has some good info on the subject



    http://forums.appleinsider.com/showt...threadid=24880 has a good piece of software to get ahold of other useful, 'hidden' maintenance tools...
  • Reply 2 of 19
    sebseb Posts: 677member
    Repairing permissions is usually not necessary. Rarely will it actually fix the problem a person is having.



    It's usually only necessary if/when you are having trouble installing a program.



    I've seen Palm Installers and Shockwave installers need permissions repaired, but it had to be done manually.



    Try other troubleshooting steps before running repair permissions, IMO. I sort of think of it as a doctor recommending to "take two aspirins and call me in the morning". Doesn't do much, but at least you took a pill.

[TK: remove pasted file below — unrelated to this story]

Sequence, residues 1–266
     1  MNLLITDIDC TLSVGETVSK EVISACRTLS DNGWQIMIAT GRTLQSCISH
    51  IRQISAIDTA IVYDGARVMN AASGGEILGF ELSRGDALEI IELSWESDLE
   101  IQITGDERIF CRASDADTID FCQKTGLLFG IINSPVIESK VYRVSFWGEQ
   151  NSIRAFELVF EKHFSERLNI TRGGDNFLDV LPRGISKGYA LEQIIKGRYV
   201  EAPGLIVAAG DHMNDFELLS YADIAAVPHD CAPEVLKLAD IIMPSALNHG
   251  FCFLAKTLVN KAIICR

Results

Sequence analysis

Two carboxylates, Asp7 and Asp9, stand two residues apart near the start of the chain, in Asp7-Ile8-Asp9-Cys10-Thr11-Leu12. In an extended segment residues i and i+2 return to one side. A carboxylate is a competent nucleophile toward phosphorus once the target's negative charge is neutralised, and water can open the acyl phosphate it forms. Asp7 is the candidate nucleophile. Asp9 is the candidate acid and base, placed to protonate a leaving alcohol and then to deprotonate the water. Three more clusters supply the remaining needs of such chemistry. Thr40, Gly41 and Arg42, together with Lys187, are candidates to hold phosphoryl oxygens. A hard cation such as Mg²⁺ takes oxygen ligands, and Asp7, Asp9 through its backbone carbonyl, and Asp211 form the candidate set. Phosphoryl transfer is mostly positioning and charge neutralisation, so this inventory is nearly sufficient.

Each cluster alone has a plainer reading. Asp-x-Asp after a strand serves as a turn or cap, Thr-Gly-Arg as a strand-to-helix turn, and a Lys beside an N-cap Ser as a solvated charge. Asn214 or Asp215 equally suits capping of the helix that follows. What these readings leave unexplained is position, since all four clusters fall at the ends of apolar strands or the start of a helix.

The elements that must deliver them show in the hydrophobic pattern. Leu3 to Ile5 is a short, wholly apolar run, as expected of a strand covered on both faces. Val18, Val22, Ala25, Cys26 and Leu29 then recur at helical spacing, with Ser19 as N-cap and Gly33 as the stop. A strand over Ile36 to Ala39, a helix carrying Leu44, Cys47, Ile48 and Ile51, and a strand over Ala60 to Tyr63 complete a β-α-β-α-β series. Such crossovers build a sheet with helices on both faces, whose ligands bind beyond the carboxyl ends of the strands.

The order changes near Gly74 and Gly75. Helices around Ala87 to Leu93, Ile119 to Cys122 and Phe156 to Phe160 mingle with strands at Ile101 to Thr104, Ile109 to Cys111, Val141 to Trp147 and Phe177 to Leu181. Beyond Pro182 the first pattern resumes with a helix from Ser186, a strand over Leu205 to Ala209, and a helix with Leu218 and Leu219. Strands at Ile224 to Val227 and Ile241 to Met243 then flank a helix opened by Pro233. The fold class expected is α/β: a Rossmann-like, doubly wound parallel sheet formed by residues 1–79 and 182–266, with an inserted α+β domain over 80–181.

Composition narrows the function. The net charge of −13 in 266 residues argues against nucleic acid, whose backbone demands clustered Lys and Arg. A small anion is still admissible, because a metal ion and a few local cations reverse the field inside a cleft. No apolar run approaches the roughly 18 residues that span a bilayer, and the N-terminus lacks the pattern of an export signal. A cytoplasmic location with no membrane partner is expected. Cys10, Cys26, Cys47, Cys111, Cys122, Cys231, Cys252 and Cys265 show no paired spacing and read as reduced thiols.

http://docs.info.apple.com/article.html?artnum=106712
  • Reply 3 of 19
    eugeneeugene Posts: 8,254member
    All files have three sets of users associated with them: the individual owners of the file, the group owners of the file, and others.



    In general, three kinds of permissions can be assigned per the above associations: readability, writability, executability



    In addition, there are special permissions that allow binaries to be executed as the specific user or specific group. And there are permissions that allow directories to let anybody manipulate their own files within them, but not other users' files... /tmp directories and drop boxes often function like this...



    In the OS X GUI the only permissions you can change are readability and writability.



    This isn't heard of much in the Windows world because even the NT based Windows operating systems have poorly integrated multi-user permissions.
  • Reply 4 of 19
    razzfazzrazzfazz Posts: 728member
    Quote:

    Originally posted by Eugene

    This isn't heard of much in the Windows world because even the NT based Windows operating systems have poorly integrated multi-user permissions.